The Army of Flanders was a multinational army in the service of the kings of Spain that was based in the Netherlands during the 16th to 18th centuries. It was notable for being the longest-serving standing army of the period, being in continuous service from 1567 until its disestablishment in 1706. In addition to taking part in numerous battles of the Dutch Revolt (1567–1609) and the Thirty Years' War (1618–1648), it also employed many developing military concepts more reminiscent of later military units, enjoying permanent, standing regiments (tercios), barracks, military hospitals and rest homes long before they were adopted in most of Europe. Sustained at huge cost and at significant distances from Spain, the Army of Flanders also became infamous for successive mutinies and its ill-disciplined activity off the battlefield, including the Sack of Antwerp in 1576.

When De Goignies learned that the Spanish army was approaching Namur, he decided to withdraw to Gembloux. [15]

Parma's action

The Battle of Gembloux by Johann Wilhelm Baur Slag bij Gembloers.jpg
The Battle of Gembloux by Johann Wilhelm Baur

At dawn on 31 January, the Spanish army marched towards the rebel army, with the cavalry under Ottavio Gonzaga in forefront, followed by musketeers and infantry commanded by Don Cristóbal de Mondragón, and then the bulk of the army led by Don John of Austria and Don Alexander Farnese. [11] The rear of the army was left in the hands of the Count of Mansfeld. [11]

The Spanish cavalry had crossed the Meuse River and made contact with the rear of the rebel army. With the bulk of his army still south of the Meuse, John sent messages to his cavalry, now commanded by Alexander, not to approach the enemy too closely until the arrival of rest of the troops. [3] But Alexander, seeing the sorry state of the enemy forces and advised by Mondragón and Gonzaga of the opportunity to surprise the enemy, gave the order to charge. After several clashes with the Spanish cavalry, the Netherlandish cavalry, which was protecting the rear of their forces, fled towards the army, causing an enormous panic amongst the rebel troops. [3] The result was a crushing victory by Parma's cavalry. [15] The entire army's order disintegrated, and the almost unopposed Spanish cavalry massacred fleeing troops. [11] [15]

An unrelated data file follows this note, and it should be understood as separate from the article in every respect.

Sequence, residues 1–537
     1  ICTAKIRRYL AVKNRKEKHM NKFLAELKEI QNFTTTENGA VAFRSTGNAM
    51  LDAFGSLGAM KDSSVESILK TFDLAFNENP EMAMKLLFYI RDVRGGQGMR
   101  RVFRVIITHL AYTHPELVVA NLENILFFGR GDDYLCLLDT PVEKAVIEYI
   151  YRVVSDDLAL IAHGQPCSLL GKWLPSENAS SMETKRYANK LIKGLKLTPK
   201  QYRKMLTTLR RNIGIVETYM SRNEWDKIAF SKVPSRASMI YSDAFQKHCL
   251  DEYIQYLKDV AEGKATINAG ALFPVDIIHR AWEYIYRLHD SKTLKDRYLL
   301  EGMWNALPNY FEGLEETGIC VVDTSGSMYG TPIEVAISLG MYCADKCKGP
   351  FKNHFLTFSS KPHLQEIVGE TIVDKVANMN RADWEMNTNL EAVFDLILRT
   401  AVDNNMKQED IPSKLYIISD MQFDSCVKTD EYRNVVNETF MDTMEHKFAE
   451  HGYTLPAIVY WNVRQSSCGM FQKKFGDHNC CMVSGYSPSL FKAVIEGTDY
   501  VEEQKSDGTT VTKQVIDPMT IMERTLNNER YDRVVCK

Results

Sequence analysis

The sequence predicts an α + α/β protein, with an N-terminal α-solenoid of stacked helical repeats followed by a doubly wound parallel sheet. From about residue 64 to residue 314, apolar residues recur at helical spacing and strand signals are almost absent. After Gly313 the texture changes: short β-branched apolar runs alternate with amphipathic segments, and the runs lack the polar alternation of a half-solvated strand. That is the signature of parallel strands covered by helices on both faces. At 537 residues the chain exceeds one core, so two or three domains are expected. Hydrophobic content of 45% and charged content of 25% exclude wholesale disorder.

Destruction of the states-general's army

The Netherlandish army tried to regroup, but a cannon and its ammunition blew up, causing many deaths and renewed panic. Meanwhile, part of the rebel troops, mostly Dutch and Scots led by Colonel Henry Balfour, tried to take defensive positions, but could not withstand the musketeers and pikemen led by John, Mondragón and Gonzaga. [11] The Spanish victory was complete, [16] De Goignies was taken prisoner, along with a large number of his officers, [3] John captured 34 flags and banners [11] and all the artillery and baggage of the enemy, and thousands of rebel soldiers were killed or captured. [3] [15] The Spanish casualties, however, were minimal, about 12 dead and a few wounded. [13] Around 3,000 men reached Gembloux and closed the gates, but after negotiations the rebels surrendered to the Spaniards on 5 February and the city was spared from being sacked. [6]

Aftermath

Portrait of Don Alexander Farnese by Otto van Veen Vaenius - Alexander Farnese.png
Portrait of Don Alexander Farnese by Otto van Veen
Portrait of Don John of Austria, Governor-General of the Spanish Netherlands. John of Austria portrait.jpg
Portrait of Don John of Austria, Governor-General of the Spanish Netherlands.

The defeat at Gembloux forced Prince William of Orange, the leader of the revolt, to leave Brussels, along with its nominal governor, Matthias of Austria (the future Holy Roman Emperor), who had accepted the position of governor-general by the states-general, although he was not recognized by his uncle, Philip II of Spain. [11] The victory of John also meant the end of the Union of Brussels, and hastened the disintegration of the unity of the rebel provinces. [6]

John died nine months after the battle (probably from typhus), on 1 October 1578, and was succeeded by Farnese as governor-general (last desire of John that Philip II confirmed), who at the head of the Spanish army reconquered large parts of the Low Countries in the following years. [4]

On 6 January 1579 the provinces loyal to the Spanish Monarchy signed the defensive Union of Arras, expressed their loyalty to Philip II and recognized Farnese as Governor-General of the Netherlands. [17] In contrast, the provinces loyal to the Protestant cause signed the defensive Union of Utrecht. [17]

See also

Notes

  1. 1 2 3 Tony Jaques p.368
  2. 1 2 3 4 5 6 Colley Grattan p.157
  3. 1 2 3 4 5 6 7 8 9 Colley Grattan. Holland p.113
  4. 1 2 Morris p. 268
  5. It was commanded by Antoine de Goignies, a gentleman of Hainault, and an old soldier of the school of Charles V. Holland. Grattan p.113
  6. 1 2 3 Tracy pp.140–141
  7. Morris p. 274
  8. Kamen, Henry (2005). Spain, 1469–1714: a society of conflict (3rd ed.). Harlow, United Kingdom: Pearson Education (Limited online by Google Books). p. 326.
  9. Tracy pp.135–136
  10. Tracy p.137
  11. 1 2 3 4 5 6 7 Vicent p.228
  12. 1 2 Vicent pp.227–228
  13. 1 2 Grattan p.157
  14. Philip II of Spain. p.224
  15. 1 2 3 4 Jaques p.368
  16. Hernán/Maffi p.24
  17. 1 2 Israel p.191

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References